When running discounts and promotions, is it better to show prices based on the dollar amount saved ($) or the percentage off (%), and when should you provide free shipping?
Knowing how to successfully switch between $ and % off or when to offer free shipping can drastically increase your sales without compromising your sales margins.
In this article, I’m going to show you when to use $ amounts off, % off, or free shipping.
Let’s start with the easy one: free shipping.
Personally, if I’m buying a product that will be shipped to me from the same country, I do get a little annoyed if I have to pay shipping – and I’m not the only one who thinks like this.
The #1 reason online shoppers don’t make a purchase is because of unexpected costs at checkout.
But I get it: if you’re shipping heavy items or your sales margins are thin, it might not be profitable to offer free shipping.
What to do?
I suggest two solutions to appease your customers. The first is to offer free delivery if a customer spends over a certain amount, and clearly state this on your website before they get to the checkout page.
Here’s the homepage of e-commerce giant Target:
As you can see, they state there is FREE delivery for orders over $80. If the shopper does not want to spend $80, they are pre-framed that when they get to the checkout, they will be presented with a delivery fee.
This will reduce the amount of cart abandonment rates as the delivery fee is no longer unexpected.
The other time I would offer free shipping is to new customers as they are often on the fence as to whether to order. Giving them free shipping on their first order will increase the amount of new customers you acquire. If you have a healthy customer lifetime value, then offering a single free delivery should not impact you too much.
In a nutshell, offer free delivery if you can. If you can’t offer free delivery, make it clear on your store that there is a delivery charge so you do not annoy prospects at the checkout.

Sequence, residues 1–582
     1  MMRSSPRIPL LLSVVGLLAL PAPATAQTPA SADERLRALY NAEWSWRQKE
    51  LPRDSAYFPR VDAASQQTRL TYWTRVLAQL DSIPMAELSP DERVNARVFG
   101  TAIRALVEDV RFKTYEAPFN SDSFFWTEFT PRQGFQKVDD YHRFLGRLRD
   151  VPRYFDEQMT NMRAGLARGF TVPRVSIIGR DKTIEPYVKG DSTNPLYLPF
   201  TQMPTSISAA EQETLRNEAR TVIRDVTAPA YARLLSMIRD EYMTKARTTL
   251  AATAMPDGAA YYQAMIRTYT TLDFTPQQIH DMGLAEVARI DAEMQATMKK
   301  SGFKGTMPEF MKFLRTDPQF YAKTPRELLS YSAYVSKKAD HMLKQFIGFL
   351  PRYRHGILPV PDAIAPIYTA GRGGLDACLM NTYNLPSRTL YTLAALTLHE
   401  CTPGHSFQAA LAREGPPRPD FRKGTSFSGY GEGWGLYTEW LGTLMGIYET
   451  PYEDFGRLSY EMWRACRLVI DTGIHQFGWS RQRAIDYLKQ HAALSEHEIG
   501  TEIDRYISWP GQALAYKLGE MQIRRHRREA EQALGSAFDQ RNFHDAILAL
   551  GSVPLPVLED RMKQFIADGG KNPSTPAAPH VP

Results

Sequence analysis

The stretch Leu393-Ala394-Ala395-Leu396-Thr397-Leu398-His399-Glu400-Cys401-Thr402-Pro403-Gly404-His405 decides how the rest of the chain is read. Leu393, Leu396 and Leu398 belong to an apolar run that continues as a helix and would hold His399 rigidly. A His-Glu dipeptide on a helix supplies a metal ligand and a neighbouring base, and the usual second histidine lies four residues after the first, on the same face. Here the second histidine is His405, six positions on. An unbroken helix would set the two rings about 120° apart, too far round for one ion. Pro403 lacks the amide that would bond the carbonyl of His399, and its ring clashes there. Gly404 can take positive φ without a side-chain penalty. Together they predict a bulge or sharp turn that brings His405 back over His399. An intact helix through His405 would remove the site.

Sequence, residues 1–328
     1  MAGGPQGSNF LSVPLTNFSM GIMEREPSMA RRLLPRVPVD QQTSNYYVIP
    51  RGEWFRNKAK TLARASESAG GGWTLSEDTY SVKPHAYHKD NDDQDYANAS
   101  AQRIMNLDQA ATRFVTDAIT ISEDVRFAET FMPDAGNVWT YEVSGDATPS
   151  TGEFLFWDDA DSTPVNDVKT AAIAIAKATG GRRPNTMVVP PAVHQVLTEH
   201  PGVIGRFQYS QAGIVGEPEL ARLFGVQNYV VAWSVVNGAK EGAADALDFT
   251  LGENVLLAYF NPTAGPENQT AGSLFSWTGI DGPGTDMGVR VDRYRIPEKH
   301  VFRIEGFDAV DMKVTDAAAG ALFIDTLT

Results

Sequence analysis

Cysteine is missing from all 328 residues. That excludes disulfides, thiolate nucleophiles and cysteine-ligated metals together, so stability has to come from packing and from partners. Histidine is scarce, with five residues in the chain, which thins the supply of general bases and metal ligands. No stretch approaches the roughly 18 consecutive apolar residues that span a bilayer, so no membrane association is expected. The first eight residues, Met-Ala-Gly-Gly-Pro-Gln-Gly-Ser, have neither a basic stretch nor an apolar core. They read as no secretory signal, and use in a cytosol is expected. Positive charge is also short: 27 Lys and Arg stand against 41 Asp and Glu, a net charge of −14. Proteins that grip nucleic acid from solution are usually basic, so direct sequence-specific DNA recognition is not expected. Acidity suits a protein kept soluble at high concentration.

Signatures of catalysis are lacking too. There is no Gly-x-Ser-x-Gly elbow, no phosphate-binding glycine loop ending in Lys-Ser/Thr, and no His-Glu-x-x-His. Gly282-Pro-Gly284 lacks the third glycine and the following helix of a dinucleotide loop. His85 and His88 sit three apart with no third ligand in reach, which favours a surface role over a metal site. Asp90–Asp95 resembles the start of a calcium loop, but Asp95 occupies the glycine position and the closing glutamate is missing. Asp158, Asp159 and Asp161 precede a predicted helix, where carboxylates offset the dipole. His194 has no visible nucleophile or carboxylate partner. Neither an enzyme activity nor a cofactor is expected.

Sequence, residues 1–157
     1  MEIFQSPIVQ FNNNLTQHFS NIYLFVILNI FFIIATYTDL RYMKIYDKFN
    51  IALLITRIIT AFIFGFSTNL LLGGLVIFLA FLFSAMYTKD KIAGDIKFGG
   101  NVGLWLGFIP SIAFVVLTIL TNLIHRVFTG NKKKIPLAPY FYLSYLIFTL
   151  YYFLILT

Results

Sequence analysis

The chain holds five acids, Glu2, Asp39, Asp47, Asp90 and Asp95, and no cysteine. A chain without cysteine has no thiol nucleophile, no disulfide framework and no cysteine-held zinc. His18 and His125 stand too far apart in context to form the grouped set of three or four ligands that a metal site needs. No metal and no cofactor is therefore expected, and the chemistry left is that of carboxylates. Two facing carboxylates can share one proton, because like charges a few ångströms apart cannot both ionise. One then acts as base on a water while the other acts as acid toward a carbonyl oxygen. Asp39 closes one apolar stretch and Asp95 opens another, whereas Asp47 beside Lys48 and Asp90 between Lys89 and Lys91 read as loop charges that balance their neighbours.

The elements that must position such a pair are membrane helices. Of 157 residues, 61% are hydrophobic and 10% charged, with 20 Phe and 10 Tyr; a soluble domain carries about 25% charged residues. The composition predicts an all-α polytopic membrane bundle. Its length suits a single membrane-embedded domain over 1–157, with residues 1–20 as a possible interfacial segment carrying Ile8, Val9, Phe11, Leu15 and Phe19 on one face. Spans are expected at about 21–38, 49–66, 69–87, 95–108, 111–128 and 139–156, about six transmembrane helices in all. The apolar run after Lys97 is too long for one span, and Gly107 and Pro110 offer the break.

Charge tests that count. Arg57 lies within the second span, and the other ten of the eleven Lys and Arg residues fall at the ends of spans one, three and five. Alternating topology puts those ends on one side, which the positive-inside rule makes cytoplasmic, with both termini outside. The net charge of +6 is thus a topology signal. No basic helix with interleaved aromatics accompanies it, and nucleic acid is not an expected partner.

Knowing when to use a fixed dollar amount or percentage off is a little trickier.
You can A/B test to find out, but you’ll need to A/B test every single sales promotion you do. This is fine if you run the same promotions on a quarterly or yearly loop, but if you’re always coming out with bespoke promotions, there’s little value to A/B test as your promotions typically won’t run for too long and you’ll not reach statistical significance.
When choosing between $ or % off, ask yourself: Which amount has a higher perceived value?
For example, if you’re selling a product at $1,000, which of the two amounts gives you a higher perceived value:
$150 off wins.
Now, say you’re selling a product for $20, which of the two has a higher perceived value?
15% off wins.
In both examples the amount off was exactly the same, but our brain processes the numbers differently.
Ask yourself which of the two sounds more irresistible to the shopper and go with that. From my experience the one giving a higher perceived saving wins when selling individual products.
When you’re running sales on entire product categories or storewide, percentage off discounts tend to work better because the more items a prospect adds to their cart, the more they save.
For example, 25% off all items will lead to prospects buying more as there’s an incentive to buy more as they will save more.
If you run a dollar amount promotions such as $100 off when you spend over $500, the shopper has very little incentive to spend more than $500. In fact, every $1 they spend over $500 provides them with less value.
When choosing between the two, always think about your profit margins. While you will drive more sales running a fixed % off for categories or storewide sales, will you end up generating more net profit if you opted for a fixed amount ($) off?
Every store is different, and so is your audience.
Start playing around with both and try to look for patterns. You might find that fixed dollar amounts tend to be better for high-ticket items because the number is a lot larger, whereas percentage off discounts work for low-ticket items.
Once you understand patterns and customer behavior, you’ll know when to run which type of offer.
With all that said, the key take-away from this article is that if you don’t offer free shipping, clearly state shipping costs before the prospect makes it to the checkout page.
As for determining when to use $ or % off, research and learn which has the higher perceived valued and whether the promotion will stay in line with profit margins.
If you aren’t already, spy on competitors or the biggest brands in your niche to see what they are using, because they will have tested everything and know what works.